It’s time to promote visual literacy – Jammu Kashmir Latest News | Tourism


Ashok Ogra
Today we are faced with a deluge of information – which gives validity to what famous historian John Naisbitt observed in his critically acclaimed book Megatrends, that in the long run “the visual narrative will overwhelm. the literary story ”. This is why if we ever choke on ourselves, it may be on too much information – more in audiovisual form – because we have a lot more information and points of view on a daily basis than we can understand. And if we ever lose touch with the world we live in, it will be because of overexposure to alluring images and inexplicable Whatsapp University.
It is true that new technologies facilitate the dissemination of information and entertainment. At the same time, it turns both into commodities and facilitates wider dissemination of “waste information”.
We all know the media are everywhere, but often a bad source of unbiased and objective information. This is why we are seeing the use of new technological platforms / tools to inform and disinform.
Audiences are tricked into believing everything TV networks / social media comes up with – not knowing that creators use a plethora of techniques to get the viewer’s attention, and they will often craft the text to please to a specific audience. The public is unable to see if the news presentation contains real substance or if it is just smoke and mirrors. Advertisements, news, movies, TV shows, social media, and many other types of media all want us to take their posts at face value.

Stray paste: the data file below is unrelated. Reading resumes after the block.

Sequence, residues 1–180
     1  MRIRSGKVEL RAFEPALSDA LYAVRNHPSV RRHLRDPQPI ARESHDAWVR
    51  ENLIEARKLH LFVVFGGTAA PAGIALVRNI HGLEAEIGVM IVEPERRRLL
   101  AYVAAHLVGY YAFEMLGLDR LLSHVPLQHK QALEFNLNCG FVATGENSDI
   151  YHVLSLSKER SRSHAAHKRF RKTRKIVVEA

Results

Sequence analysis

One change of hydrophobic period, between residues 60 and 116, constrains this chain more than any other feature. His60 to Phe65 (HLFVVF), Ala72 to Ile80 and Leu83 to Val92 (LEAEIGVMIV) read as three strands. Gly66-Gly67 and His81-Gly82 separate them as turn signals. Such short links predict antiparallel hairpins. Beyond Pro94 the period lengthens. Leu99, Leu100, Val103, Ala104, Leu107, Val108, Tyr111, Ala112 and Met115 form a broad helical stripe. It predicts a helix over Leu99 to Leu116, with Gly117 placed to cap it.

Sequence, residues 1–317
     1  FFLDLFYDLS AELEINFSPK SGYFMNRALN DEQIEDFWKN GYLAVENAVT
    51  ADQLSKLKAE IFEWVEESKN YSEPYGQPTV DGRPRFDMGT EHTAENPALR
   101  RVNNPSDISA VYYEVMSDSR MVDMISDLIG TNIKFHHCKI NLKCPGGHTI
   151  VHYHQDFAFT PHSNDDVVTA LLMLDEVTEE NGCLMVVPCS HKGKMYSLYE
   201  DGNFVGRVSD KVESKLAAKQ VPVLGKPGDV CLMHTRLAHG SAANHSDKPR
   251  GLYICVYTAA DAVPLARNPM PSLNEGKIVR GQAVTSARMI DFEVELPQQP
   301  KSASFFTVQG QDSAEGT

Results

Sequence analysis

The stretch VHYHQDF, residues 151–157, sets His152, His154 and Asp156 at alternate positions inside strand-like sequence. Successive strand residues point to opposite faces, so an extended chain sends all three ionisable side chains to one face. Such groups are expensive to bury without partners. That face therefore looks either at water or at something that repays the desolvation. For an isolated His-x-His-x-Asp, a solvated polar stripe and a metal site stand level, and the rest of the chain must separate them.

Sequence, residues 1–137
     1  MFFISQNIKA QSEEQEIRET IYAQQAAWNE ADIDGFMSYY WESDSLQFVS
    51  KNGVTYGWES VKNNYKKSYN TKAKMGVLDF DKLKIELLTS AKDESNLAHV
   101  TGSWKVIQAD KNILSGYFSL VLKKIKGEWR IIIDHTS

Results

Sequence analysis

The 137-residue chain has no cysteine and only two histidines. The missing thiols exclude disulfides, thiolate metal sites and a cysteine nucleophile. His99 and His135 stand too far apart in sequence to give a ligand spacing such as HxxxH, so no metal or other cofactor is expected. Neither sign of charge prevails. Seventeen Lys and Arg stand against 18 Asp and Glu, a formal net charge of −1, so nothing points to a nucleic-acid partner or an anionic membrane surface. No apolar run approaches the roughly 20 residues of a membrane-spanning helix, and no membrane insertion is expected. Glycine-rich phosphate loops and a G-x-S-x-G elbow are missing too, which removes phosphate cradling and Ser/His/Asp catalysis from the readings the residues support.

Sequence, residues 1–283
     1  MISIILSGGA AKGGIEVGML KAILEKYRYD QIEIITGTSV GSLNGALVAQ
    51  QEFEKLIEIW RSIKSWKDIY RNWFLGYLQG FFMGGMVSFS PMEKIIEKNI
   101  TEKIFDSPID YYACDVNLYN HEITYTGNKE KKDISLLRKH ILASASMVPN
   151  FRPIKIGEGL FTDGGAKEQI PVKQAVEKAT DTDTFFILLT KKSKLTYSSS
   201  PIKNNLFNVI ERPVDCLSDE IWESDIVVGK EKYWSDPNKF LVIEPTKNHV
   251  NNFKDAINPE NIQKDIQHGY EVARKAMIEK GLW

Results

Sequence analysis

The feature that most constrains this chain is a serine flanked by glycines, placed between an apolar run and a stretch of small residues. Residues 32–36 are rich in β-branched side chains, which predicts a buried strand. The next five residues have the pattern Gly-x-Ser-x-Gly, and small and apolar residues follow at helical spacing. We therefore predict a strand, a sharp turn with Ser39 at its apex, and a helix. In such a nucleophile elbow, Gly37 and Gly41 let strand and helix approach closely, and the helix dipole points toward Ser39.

We fail to look beneath the surface and ask questions to decode what these media messages are really saying. In order to have an informed opinion on a given subject, it is essential to have basic training in media education. If we teach children to read and write, it is high time that we also prepared them to read pictures, to negotiate the information available on social networks.
It is in this context that media education initiatives have gained momentum. UNESCO annually organizes World Media and Information Week to review progress towards “Media and Information Literacy for All”. The National Telemedia Council defines media education as “the ability to choose, to understand – in the context of content, form / style, impact, industry and production – to deliver in question, to assess, create and / or produce and respond thoughtfully to the media we consume. It is a conscious vision, a considered judgment.